Special to USAfrica and CLASSmagazine, Houston.
South Africa’s National Joint Operational and Intelligence Structure (Natjoints) on Sunday refuted media reports about a terror threat to next month’s the 2010 FIFA World Cup in South Africa.
The move came after the Sunday Times in Johannesburg, the biggest Sunday newspaper in South Africa, carried an extensive story on the subject as their main item. It quoted experts as saying South Africa is vulnerable to some form of terrorist attack during the June 11 to July 11 tournament.
However, South Africa’s Natjoints said in a statement to the South African Press Association (SAPA)”The security forces can firmly state that there is no known specific terror threat against the 2010 FIFA World Cup.”
It “strongly disputed” the Sunday Times’s claim that South Africa had drawn up a watch-list of 40 terror suspects.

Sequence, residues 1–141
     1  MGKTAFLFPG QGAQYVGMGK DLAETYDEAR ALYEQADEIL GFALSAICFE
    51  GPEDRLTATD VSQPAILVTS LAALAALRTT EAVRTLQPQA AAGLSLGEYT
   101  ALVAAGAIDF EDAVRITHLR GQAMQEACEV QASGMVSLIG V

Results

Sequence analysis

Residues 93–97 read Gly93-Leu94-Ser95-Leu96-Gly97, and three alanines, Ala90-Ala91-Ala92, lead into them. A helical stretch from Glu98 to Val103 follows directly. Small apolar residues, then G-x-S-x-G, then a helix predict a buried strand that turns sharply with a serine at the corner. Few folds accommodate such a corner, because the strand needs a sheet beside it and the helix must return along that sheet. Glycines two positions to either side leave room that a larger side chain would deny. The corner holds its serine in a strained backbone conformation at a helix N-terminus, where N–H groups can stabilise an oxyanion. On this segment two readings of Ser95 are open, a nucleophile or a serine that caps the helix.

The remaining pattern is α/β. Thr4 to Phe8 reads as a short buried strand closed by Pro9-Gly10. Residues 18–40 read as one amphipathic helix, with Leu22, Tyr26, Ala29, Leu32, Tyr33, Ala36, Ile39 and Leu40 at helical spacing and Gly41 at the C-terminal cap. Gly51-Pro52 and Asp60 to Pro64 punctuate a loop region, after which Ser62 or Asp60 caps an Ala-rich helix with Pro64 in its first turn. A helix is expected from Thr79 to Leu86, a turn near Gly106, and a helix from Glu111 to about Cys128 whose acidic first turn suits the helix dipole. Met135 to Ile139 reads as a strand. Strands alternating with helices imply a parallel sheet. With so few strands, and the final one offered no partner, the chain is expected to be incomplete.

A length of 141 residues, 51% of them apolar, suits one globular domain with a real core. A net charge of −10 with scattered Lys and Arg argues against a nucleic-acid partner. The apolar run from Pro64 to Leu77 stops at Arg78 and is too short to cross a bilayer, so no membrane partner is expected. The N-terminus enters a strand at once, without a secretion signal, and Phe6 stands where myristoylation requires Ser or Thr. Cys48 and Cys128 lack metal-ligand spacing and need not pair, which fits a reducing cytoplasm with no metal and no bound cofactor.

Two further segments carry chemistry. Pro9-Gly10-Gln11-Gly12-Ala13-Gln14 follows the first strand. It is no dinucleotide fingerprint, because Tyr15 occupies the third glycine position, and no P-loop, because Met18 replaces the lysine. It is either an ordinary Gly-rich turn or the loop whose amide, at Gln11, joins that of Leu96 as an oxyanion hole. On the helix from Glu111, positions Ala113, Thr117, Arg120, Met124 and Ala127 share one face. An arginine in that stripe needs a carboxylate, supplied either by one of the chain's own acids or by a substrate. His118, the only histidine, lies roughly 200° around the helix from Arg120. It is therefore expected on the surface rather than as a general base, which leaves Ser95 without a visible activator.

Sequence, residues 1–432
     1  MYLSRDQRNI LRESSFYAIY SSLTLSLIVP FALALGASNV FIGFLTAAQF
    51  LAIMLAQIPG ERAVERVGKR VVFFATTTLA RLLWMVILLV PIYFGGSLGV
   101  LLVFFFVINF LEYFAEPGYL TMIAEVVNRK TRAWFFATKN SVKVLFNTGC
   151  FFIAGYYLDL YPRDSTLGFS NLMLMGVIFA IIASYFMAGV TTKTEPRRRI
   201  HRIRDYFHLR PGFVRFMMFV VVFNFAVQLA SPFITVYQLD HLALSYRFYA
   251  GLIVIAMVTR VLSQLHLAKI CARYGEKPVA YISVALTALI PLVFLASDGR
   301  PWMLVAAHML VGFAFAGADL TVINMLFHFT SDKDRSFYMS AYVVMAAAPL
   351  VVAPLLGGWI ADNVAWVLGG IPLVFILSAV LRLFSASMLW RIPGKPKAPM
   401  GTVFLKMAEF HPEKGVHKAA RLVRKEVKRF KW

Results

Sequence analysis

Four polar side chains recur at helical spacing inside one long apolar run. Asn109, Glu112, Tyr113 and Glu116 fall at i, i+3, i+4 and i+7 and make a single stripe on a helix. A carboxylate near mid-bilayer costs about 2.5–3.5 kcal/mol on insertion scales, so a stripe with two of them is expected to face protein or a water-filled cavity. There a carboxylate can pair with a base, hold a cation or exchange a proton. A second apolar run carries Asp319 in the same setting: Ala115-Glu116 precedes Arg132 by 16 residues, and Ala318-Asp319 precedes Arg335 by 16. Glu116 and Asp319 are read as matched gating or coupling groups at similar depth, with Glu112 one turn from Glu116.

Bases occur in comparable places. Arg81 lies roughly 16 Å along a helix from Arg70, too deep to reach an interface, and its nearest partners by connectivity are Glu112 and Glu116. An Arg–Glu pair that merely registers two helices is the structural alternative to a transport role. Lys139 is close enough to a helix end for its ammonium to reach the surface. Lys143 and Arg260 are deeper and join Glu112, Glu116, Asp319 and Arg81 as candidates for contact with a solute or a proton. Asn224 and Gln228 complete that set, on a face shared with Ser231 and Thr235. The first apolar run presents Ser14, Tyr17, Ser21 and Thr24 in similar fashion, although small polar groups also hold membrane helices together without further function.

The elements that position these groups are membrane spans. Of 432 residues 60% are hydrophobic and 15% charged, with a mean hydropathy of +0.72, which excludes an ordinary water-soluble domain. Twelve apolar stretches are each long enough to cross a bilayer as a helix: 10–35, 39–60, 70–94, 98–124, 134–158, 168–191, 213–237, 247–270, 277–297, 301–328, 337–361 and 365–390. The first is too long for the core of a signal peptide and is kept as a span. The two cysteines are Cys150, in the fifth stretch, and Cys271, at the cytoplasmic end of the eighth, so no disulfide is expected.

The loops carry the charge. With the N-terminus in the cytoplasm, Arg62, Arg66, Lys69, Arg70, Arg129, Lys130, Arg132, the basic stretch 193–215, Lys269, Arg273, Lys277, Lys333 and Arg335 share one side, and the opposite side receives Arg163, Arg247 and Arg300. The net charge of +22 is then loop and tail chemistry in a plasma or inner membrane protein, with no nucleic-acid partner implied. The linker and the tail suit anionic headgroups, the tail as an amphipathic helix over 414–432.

The newspaper said it had received two separate accounts of “at least one arrest linked to World Cup threats.”
The Sunday Times also said that “operational militant training camps” were set up in several provinces.
In response Natjoints said that the newspaper report was riddled with inaccuracies and most comments were from anonymous sources.
“Although the Natjoints is not prepared to discuss intelligence matters for obvious reasons, we can categorically deny the existence of a ‘watch-list of 40 terror suspects’ or the arrest of any person directly targeting the World Cup.
Natjoints also disputed the existence of operational militant training camps in several provinces in South Africa.
Earlier the Sunday Times had quoted among others, Frank van Rooyen, senior researcher at the South African Institute of International Affairs.
“We are definitely vulnerable to suicide bombers and car bombs. All the signs are there that al-Qaeda is planning one of these attacks on the World Cup,” said Van Rooyen, who is also a former South African naval officer. ref: xinhua